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Last week, Grimes, the 1975, and Bon Iver announced they would be joining Undercurrent, an exhibition platform for art that will grapple with climate change. The exhibit opens on September 9th in Brooklyn, NY, and has been underwork for about three years. The event will bring together content from musicians, artists, and other collaborators to create installations that capture the weight of the ongoing climate crisis. The installations will also help raise awareness for nonprofits fighting climate change. The exhibit's goal is to inspire its viewers to take action centered around the ongoing climate crisis.
Art can easily be thought of in terms of luxury or hobby. I've been guilty of this mindset—sometimes I go to museums to relax but leave utterly impacted. Artists have long struggled to meet our society's expectations of a "career," yet we can learn a lot from their relentless drive to put content out into the world. Throughout history, art has been one of the greatest facilitators of social change, with artists often inspired to create despite the mess of the world around them. Post-pandemic, this drive is no more apparent than today, with exhibitions like Undercurrent creating new methods of spreading awareness about the issues we face.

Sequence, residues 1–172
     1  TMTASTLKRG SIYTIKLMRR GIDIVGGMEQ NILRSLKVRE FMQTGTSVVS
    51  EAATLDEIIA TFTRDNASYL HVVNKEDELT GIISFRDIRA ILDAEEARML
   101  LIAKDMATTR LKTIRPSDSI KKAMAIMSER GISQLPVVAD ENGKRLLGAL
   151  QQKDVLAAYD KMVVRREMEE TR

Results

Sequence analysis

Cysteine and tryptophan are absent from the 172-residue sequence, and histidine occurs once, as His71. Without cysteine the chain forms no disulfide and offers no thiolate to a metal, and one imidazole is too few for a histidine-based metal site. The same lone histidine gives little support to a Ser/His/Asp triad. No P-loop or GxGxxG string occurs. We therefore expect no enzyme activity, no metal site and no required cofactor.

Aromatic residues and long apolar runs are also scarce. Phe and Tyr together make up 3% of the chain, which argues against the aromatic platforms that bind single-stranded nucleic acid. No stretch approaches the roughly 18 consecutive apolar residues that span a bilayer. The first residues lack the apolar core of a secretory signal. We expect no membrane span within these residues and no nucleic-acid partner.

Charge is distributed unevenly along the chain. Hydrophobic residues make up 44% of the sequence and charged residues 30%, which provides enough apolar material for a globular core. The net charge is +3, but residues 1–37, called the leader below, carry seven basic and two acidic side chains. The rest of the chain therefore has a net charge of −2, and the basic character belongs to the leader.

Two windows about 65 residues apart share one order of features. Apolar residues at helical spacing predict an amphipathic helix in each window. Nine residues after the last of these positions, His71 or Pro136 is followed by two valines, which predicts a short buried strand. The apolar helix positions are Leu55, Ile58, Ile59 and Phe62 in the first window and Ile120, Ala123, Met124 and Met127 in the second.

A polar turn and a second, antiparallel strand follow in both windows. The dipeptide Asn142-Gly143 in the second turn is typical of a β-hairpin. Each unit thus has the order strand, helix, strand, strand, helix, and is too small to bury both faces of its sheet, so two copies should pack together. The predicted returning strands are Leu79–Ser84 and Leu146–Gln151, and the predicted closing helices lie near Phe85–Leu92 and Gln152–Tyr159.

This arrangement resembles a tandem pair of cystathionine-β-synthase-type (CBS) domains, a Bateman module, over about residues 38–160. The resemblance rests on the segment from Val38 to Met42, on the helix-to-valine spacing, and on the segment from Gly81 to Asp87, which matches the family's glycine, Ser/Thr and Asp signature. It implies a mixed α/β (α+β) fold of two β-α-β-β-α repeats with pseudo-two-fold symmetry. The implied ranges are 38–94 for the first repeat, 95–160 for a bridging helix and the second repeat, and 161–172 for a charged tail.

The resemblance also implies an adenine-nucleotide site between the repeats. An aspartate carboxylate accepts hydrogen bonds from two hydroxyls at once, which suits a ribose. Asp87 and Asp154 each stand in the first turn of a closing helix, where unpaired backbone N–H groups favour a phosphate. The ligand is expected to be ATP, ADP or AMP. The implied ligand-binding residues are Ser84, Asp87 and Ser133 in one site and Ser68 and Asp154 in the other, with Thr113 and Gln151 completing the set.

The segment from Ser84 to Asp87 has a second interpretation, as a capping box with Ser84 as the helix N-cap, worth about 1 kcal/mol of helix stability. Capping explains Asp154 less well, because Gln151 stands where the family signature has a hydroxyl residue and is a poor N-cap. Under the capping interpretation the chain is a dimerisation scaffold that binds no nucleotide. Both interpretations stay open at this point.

One of the reasons Undercurrent will spread awareness is because of the interaction exhibitions require between the viewer and the artwork. When going to an exhibition or any other museum, viewers have willingly chosen to be there, be present, and let the work give them a new perspective. It’s become all too easy for us to turn off the news or scroll past something unsettling on social media that doesn’t fit our mood. The viewer commits by engaging with this art, and combatting social issues starts with shifting mindsets.
Photo: Undercurrent in Brooklyn, NY
Get tickets: https://undercurrent.nyc